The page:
Poe Dameron #5
Poe Dameron #5
Writer: Charles Soule
Artist/Cover Artist: Phil Noto
Letterer: Joe Caramagna
Back on Megalox Beta, Black Squadron waits for the hammer to drop as Agent Terrex springs into action. Which mean there is a lot of sitting around and talking. However, action does erupt toward the end and there’s a lively little droid sub arc woven in between. It’s an okay issue but not a particularly strong one.
On one hand, Black Squadron is stuck in Grakkus the Hutt’s prison courtyard as they wait for BB-8 and the other droids to save them. This leads to some chatting amongst the team members, so flat dialog from Poe, and a little bit of insight into Jess’ character that adds some intrigue. Elsewhere, Terrex chats with some old chums as he lays out his plan to get everything he wants. That conversation line was fairly entertaining. It’s not too drawn out and it introduces us to some new and old criminal faces. Then there’s the droid sub arc.
The droid sub arc really steals some of the punch from the comic. The droids speak in beeps and boops, so there’s no dialog. We don’t know the droids’ names, aside from BB-8. Nor do we know what their plan is. What we do find out is that they have some sort of operation that will help Black Squadron out on the ground. Yet their little droid operation runs into a hitch when they encounter a really big droid. There’s a lot of attention given to a blue droid, and something significant happens to him, but there really wasn’t enough in the comic to establish a bond to the droid. In the end, we get eleven pages of the droid sub arc and it’s not the most riveting comic storytelling. Of course trying to tell an exciting droid story when the droids can’t talk is quite the handicap. Then again, perhaps Charles Soule should have realized that and taken steps to overcome or avoid it. Either way, between all the droid pages and Poe’s non-inspired dialog, the story in this comic took quite a hit.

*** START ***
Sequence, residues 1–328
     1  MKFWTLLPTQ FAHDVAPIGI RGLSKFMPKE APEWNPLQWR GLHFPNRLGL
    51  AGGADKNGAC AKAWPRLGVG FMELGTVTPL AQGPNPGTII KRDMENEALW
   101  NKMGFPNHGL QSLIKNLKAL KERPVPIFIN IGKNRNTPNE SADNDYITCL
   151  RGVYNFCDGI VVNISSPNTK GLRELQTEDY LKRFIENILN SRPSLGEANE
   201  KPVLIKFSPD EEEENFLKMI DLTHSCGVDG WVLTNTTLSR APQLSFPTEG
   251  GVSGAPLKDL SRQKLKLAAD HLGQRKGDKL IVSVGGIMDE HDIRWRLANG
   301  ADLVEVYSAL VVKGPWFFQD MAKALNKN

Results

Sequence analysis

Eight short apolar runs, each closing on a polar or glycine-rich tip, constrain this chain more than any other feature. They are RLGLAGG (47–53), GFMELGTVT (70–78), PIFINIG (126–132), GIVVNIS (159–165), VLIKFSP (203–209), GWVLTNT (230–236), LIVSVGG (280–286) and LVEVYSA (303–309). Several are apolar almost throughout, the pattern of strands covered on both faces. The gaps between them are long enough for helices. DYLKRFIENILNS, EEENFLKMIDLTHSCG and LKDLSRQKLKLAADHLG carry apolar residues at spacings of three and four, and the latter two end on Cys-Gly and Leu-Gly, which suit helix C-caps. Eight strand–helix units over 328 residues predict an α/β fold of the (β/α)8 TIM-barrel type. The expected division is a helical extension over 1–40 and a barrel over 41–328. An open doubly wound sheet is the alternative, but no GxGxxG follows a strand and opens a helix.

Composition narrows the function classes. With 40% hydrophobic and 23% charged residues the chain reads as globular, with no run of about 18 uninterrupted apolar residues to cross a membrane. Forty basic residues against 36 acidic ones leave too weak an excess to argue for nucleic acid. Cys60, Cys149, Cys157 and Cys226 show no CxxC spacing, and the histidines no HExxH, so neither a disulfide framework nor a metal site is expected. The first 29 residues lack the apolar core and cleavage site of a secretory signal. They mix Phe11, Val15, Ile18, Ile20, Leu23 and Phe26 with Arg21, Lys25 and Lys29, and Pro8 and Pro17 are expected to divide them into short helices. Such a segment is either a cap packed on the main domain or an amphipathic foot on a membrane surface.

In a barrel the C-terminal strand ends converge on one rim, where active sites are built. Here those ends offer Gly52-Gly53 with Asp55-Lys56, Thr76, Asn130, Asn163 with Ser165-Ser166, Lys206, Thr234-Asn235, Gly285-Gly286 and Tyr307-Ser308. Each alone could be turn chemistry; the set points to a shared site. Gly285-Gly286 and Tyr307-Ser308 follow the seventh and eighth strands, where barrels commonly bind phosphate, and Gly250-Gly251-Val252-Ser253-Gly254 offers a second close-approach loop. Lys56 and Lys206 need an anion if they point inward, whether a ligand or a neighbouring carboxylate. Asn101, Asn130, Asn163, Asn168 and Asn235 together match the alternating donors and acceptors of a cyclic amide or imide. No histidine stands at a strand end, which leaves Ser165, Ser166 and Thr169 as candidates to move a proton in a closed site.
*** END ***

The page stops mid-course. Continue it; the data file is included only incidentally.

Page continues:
The art, however, is still strong. Phil does a good job of doing his best to give life to the droids and he continues to do a good job with the rest of the characters. The big droid at the end feels intimidating and the layouts with BB-8 staring before it strike just the right visual emotions. Between the prison riot and the droid antics, the action is well captured. Plus there’s a nice change in colors between the planet and the space station which helps denote the two environments and the two storylines. Even Terrex’s small splinter storyline with the prison crime bosses gets its own color scheme. While the droid arc was heavily dependent on artwork to carry it, I don’t hold it against Phil for not making that storyline work better. Visually, it was good. Conceptually, it was an uphill challenge to begin with, and probably just not feasible with the droid characters available.
With an okay storyline and good artwork, I give Poe Dameron #5 a four out of five metal bikinis. Some of the story was better than other parts, so it’s not a complete loss. That said, I’m not looking forward to anymore droid-centric subplots.
Reviewed By: Skuldren for Roqoo Depot.